• Retrieval Queries in SQL (contd.)
    • A bag or multi-set is like a set, but an element may appear more than once.
      • Example: {A, B, C, A} is a bag. {A, B, C} is also a bag that also is a set.
      • Bags also resemble lists, but the order is irrelevant in a bag.
    • Example:
      • {A, B, A} = {B, A, A} as bags
      • However, [A, B, A] is not equal to [B, A, A] as lists
  • Retrieval Queries in SQL (contd.)
    • Basic form of the SQL SELECT statement is called a mapping or a SELECT-FROM-WHERE block
    • SELECT <attribute list>
    • FROM <table list>
    • WHERE <condition>
      • <attribute list> is a list of attribute names whose values are to be retrieved by the query
      • <table list> is a list of the relation names required to process the query
      • <condition> is a conditional (Boolean) expression that identifies the tuples to be retrieved by the query
  • Relational Database Schema--Figure 5.5
  • Populated Database--Fig.5.6
  • Simple SQL Queries
    • Query 0: Retrieve the birthdate and address of the employee whose name is 'John B. Smith'.
      • Q0: SELECT BDATE, ADDRESS FROM EMPLOYEE WHERE FNAME='John' AND MINIT='B’ AND LNAME='Smith’
    • Query 1: Retrieve the name and address of all employees who work for the 'Research' department.
      • Q1: SELECT FNAME, LNAME, ADDRESS FROM EMPLOYEE, DEPARTMENT WHERE DNAME='Research' AND DNUMBER=DNO
  • Simple SQL Queries (contd.)
    • Query 2: For every project located in 'Stafford', list the project number, the controlling department number, and the department manager's last name, address, and birthdate.
    • Q2: SELECT PNUMBER, DNUM, LNAME, BDATE, ADDRESS FROM PROJECT, DEPARTMENT, EMPLOYEE WHERE DNUM=DNUMBER AND MGRSSN=SSN AND PLOCATION='Stafford'
      • In Q2, there are two join conditions
      • The join condition DNUM=DNUMBER relates a project to its controlling department
      • The join condition MGRSSN=SSN relates the controlling department to the employee who manages that department
  • Aliases, * and DISTINCT, Empty WHERE-clause
    • In SQL, we can use the same name for two (or more) attributes as long as the attributes are in different relations
    • A query that refers to two or more attributes with the same name must qualify the attribute name with the relation name by prefixing the relation name to the attribute name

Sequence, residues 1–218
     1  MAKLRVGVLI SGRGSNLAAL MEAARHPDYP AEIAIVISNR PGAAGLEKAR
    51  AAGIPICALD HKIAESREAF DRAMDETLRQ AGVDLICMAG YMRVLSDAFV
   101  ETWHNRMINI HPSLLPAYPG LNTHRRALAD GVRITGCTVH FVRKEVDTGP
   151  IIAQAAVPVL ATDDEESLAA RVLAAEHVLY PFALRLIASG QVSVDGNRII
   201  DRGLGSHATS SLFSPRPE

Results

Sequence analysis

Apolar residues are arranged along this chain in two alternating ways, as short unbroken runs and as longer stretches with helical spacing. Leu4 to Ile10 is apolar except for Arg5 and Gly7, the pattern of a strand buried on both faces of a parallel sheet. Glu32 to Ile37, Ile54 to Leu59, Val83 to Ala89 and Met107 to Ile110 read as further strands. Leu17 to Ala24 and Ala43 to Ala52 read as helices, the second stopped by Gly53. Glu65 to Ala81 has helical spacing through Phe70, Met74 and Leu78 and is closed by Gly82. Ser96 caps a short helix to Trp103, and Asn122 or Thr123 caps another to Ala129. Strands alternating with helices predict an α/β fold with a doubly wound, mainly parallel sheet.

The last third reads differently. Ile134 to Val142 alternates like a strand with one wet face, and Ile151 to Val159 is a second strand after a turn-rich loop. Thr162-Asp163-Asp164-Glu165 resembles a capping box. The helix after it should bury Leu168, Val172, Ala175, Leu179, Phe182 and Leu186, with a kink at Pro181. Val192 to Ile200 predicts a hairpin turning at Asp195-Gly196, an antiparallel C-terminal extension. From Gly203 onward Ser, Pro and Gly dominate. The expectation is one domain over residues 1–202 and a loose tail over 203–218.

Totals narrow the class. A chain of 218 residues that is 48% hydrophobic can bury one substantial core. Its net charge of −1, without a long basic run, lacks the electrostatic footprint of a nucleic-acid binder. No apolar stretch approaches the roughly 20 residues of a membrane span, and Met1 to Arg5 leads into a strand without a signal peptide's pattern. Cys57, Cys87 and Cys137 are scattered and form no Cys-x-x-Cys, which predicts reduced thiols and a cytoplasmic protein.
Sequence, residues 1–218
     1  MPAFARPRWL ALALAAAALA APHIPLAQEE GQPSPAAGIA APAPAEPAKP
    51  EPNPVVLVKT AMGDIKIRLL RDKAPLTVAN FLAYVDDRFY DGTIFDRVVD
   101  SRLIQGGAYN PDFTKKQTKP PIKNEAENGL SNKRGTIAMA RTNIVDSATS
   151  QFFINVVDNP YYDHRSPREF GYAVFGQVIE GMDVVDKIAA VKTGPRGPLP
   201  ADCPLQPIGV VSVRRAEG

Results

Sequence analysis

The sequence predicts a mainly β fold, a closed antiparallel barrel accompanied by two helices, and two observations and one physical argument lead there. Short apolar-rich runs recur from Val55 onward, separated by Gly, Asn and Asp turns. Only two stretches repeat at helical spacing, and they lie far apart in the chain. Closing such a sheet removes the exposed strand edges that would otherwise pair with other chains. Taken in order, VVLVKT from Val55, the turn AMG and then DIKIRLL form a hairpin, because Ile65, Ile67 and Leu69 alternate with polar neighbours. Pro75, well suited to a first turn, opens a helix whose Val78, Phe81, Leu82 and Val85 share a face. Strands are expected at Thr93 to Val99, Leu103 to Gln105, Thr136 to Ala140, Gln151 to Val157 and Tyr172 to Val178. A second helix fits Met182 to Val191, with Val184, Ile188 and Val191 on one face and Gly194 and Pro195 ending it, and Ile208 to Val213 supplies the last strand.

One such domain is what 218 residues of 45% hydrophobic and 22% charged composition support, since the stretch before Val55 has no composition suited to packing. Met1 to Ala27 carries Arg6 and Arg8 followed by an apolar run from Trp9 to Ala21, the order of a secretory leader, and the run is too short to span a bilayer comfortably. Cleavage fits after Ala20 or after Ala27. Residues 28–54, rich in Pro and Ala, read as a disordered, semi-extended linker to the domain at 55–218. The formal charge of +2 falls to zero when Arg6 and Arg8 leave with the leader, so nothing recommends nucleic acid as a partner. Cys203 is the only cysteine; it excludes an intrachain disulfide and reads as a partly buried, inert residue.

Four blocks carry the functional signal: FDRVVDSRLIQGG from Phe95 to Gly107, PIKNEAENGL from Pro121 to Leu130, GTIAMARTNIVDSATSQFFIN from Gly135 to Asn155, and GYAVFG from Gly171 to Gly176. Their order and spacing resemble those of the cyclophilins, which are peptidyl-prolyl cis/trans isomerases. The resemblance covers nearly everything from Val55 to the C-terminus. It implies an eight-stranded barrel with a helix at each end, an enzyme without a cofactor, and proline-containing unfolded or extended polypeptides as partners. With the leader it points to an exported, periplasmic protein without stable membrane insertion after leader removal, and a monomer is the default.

• Example:
    • EMPLOYEE. LNAME, DEPARTMENT. DNAME
  • ALIASES
    • Some queries need to refer to the same relation twice
      • In this case, aliases are given to the relation name
    • Query 8: For each employee, retrieve the employee's name, and the name of his or her immediate supervisor. Q8: SELECT E.FNAME, E.LNAME, S.FNAME, S.LNAME FROM EMPLOYEE E S WHERE E.SUPERSSN=S.SSN
      • In Q8, the alternate relation names E and S are called aliases or tuple variables for the EMPLOYEE relation
      • We can think of E and S as two different copies of EMPLOYEE; E represents employees in role of supervisees and S represents employees in role of supervisors
  • ALIASES (contd.)
    • Aliasing can also be used in any SQL query for convenience
    • Can also use the AS keyword to specify aliases
      • Q8: SELECT E.FNAME, E.LNAME, S.FNAME, S.LNAME FROM EMPLOYEE AS E, EMPLOYEE AS S WHERE E.SUPERSSN=S.SSN
  • UNSPECIFIED WHERE-clause
    • A missing WHERE-clause indicates no condition; hence, all tuples of the relations in the FROM-clause are selected
      • This is equivalent to the condition WHERE TRUE
    • Query 9: Retrieve the SSN values for all employees.
      • Q9: SELECT SSN FROM EMPLOYEE
    • If more than one relation is specified in the FROM-clause and there is no join condition, then the CARTESIAN PRODUCT of tuples is selected
  • UNSPECIFIED WHERE-clause (contd.)
    • Example:
      • Q10: SELECT SSN, DNAME FROM EMPLOYEE, DEPARTMENT
      • It is extremely important not to overlook specifying any selection and join conditions in the WHERE-clause; otherwise, incorrect and very large relations may result
  • USE OF *
    • To retrieve all the attribute values of the selected tuples, a * is used, which stands for all the attributes Examples:
      • Q1C: SELECT * FROM EMPLOYEE WHERE DNO=5 Q1D: SELECT * FROM EMPLOYEE, DEPARTMENT WHERE DNAME='Research' AND DNO=DNUMBER
  • USE OF DISTINCT
    • SQL does not treat a relation as a set; duplicate tuples can appear
    • To eliminate duplicate tuples in a query result, the keyword DISTINCT is used
    • For example, the result of Q11 may have duplicate SALARY values whereas Q11A does not have any duplicate values
      • Q11: SELECT SALARY FROM EMPLOYEE Q11A: SELECT DISTINCT SALARY FROM EMPLOYEE
  • SET OPERATIONS